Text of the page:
The Best Movie Critic + review

Better Know A Genre: War Movies, Part II

Continuing into Justin's Better Know A Genre - War Movie Month, I am struck by what he is creating here. By offering up the myriad faces of war movies, Justin is outlining a greater vision of how we understand these larger than life events through story. No one war movie has the answers to all our hopes, dreams, fears, and doubts about this volatile topic, but each forms a part of a tapestry the as a whole might help us understand better how we digest the most epic and destructive events in modern history.
But Justin has a lot to say today, so I'll let him get to it. By the way, if you missed Part One, read it here. Otherwise, enjoy...
THE FIGHTING SULLIVANS – UNCHAINED SENTIMENTALITY

The Fighting Sullivan’s is an interesting movie that’s perhaps better lost to history. Like The Green Berets, The Fighting Sullivan’s was produced in the midst of war, in this case WWII, and was basically a propaganda piece. What sets this aside, however, is that rather than trying to draw up clear reasons why young men should enlist, this movie simply plucks the heartstrings in a way that would make Frank Capra envious.

The movie focuses on a family with 5 children, who are all extremely tight. They are cared for by loving parents in a very Norman Rockwell-esque portrait of semi-rural American life. The bulk of the movie focuses on different Hallmark moments as the children grow up and we get to know them. That is, until the Japanese bomb Pearl Harbor and the five Sullivan children decide to do their part and enlist. We only actually see about 10 minutes of fighting in this movie as the brothers struggle helplessly to fend off their destroyer from marauding axis forces. The ship goes down and viewers are left with a hole in their hearts.

It’s not a stretch to see this serving the dual propaganda purpose of demonizing the enemy while also encouraging young men and their mothers that if The Sullivan’s sacrificed 5 of their boys, then sending 1 or 2 off might not be so bad. This movie is unique in how short it is on war footage. I’m not sure if this is because of budgetary or time constraints, or if there just wasn’t that much to show. The director, Lloyd Bacon was a studio hack that cranked out over 100 movies in his career. Perhaps more notable is that it is easy to see that this movie was a clear inspiration for Saving Pvt. Ryan, as well as countless other nostalgia-farming WWII flicks.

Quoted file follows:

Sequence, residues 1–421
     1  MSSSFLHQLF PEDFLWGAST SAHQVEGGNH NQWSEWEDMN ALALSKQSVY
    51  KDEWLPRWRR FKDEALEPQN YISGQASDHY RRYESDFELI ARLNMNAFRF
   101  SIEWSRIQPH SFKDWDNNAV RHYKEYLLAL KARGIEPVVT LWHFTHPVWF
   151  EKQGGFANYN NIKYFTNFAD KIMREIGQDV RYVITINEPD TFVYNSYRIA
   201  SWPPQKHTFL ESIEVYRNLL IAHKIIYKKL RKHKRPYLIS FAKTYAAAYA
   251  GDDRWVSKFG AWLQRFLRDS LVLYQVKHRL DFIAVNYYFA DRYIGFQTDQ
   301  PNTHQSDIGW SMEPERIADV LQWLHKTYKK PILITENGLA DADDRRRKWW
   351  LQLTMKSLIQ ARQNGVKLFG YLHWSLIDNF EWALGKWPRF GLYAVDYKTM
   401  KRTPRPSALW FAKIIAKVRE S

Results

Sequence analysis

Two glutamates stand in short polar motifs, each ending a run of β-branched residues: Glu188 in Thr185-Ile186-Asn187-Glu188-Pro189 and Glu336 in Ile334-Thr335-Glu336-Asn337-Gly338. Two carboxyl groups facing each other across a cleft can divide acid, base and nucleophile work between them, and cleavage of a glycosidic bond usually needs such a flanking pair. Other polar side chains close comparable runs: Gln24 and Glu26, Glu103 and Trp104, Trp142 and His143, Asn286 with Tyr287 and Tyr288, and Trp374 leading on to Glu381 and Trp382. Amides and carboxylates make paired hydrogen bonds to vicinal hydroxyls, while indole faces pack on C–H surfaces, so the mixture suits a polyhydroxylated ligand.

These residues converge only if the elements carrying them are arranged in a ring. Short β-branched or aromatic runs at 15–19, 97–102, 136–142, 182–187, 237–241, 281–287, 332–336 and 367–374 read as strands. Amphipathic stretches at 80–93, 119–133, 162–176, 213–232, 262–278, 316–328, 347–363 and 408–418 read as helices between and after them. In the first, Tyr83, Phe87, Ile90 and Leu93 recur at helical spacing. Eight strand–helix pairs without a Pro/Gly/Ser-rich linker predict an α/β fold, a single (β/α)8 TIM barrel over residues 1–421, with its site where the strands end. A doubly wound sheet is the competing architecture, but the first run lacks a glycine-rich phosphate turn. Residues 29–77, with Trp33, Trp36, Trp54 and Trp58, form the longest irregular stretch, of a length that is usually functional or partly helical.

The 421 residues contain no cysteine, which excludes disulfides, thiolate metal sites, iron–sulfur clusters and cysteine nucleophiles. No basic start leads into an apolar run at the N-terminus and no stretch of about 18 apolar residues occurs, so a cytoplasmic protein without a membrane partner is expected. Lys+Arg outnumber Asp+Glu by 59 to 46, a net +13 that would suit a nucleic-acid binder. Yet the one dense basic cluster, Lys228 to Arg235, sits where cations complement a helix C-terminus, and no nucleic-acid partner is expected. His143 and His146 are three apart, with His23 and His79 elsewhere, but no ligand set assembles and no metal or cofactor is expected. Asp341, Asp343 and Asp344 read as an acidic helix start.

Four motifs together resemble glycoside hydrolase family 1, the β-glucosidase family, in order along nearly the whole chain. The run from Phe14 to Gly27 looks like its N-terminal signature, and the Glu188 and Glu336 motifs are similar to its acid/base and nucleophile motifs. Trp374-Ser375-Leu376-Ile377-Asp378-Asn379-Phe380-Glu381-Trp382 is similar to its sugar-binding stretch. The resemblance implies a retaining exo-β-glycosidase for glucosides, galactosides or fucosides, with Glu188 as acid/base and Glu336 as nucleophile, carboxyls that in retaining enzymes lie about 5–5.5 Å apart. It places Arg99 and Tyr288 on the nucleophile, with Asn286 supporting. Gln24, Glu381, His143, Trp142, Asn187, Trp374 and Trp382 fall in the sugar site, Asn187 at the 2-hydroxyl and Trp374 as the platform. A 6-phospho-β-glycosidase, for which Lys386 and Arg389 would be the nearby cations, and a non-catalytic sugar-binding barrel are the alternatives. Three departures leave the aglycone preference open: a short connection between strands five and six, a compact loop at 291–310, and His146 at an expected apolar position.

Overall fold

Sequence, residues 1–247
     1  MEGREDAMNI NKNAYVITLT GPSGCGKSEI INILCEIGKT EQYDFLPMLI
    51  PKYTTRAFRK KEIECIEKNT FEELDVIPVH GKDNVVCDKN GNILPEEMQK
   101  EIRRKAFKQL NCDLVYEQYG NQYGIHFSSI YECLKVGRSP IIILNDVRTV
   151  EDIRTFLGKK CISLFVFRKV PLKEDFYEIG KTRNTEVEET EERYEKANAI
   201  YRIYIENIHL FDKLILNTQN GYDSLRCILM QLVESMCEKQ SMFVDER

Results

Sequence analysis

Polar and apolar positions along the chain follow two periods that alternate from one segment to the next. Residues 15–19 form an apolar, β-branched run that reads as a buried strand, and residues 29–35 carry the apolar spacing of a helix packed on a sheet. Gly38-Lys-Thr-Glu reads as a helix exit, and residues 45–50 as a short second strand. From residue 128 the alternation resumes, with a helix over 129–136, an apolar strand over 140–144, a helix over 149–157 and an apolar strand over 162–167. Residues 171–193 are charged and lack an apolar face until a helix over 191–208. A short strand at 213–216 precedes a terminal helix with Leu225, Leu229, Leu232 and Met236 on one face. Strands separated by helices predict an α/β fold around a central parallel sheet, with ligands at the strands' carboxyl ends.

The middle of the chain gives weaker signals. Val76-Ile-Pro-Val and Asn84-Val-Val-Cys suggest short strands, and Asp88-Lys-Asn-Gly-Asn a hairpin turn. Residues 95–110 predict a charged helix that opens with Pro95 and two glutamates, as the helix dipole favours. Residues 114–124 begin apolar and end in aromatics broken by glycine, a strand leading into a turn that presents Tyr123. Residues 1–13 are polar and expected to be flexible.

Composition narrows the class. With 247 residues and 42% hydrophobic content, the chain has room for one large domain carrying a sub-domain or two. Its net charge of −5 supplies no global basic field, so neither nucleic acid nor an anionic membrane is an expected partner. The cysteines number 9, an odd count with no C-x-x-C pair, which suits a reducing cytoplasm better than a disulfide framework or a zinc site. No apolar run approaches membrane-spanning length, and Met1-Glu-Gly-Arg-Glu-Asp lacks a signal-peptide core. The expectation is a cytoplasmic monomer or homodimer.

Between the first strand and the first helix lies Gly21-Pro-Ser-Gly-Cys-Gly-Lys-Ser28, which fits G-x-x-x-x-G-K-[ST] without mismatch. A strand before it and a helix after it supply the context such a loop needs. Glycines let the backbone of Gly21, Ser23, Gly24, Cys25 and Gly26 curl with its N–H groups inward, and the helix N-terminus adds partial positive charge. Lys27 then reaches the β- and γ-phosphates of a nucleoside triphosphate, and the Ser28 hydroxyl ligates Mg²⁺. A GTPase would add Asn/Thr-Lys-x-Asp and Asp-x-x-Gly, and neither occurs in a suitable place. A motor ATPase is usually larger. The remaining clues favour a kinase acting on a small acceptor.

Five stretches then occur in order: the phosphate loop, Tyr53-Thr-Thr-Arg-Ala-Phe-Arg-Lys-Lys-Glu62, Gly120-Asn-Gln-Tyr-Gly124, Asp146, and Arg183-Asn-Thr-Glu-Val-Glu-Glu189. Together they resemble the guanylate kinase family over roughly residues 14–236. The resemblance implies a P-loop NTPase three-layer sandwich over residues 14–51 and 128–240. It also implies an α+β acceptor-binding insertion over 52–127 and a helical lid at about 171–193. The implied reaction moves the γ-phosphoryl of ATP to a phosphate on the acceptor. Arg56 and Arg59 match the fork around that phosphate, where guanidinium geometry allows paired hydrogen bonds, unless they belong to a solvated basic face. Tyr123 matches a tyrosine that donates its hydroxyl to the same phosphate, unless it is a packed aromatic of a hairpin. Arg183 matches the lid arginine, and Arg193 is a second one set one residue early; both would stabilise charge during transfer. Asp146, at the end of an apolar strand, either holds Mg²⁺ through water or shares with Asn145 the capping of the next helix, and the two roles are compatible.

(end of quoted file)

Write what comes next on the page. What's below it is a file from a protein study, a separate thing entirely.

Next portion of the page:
Magic Moment: When the youngest spanks his dad while he’s trying to shave with a straight razor.

PATHS OF GLORY – RIGHTEOUS INDIGNATION

Instead of Full Metal Jacket, I’ve included Stanley Kubrick’s WWI movie, Paths of Glory, which is one of the finest and most eloquent anti-war statements ever made. The movie stars Kirk Douglas as a young French military commander notable for compassion to his men and his love of reason. His character is a former DA and is not at all interested in climbing the military ranks. His foil is General Mireau, who - after it is established he is a total dick - orders artillery to fire on French positions for not advancing into a suicide push for a strategic hill that is well occupied by the Germans. Mireau, rather than take the blame, organizes a farce court martial for the soldiers and demands that they be executed for cowardice and insubordination. Douglas is the voice of the soldiers and of reason. Ultimately, the brigade is represented by only 3 men who have to face the firing squad.